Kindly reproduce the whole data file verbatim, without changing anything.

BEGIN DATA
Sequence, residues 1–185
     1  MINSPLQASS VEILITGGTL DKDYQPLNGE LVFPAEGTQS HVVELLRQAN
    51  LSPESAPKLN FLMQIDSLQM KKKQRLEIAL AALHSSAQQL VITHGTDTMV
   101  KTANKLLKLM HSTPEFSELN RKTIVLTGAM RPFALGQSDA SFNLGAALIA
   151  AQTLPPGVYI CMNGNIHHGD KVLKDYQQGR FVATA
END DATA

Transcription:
Sequence, residues 1–185
     1  MINSPLQASS VEILITGGTL DKDYQPLNGE LVFPAEGTQS HVVELLRQAN
    51  LSPESAPKLN FLMQIDSLQM KKKQRLEIAL AALHSSAQQL VITHGTDTMV
   101  KTANKLLKLM HSTPEFSELN RKTIVLTGAM RPFALGQSDA SFNLGAALIA
   151  AQTLPPGVYI CMNGNIHHGD KVLKDYQQGR FVATA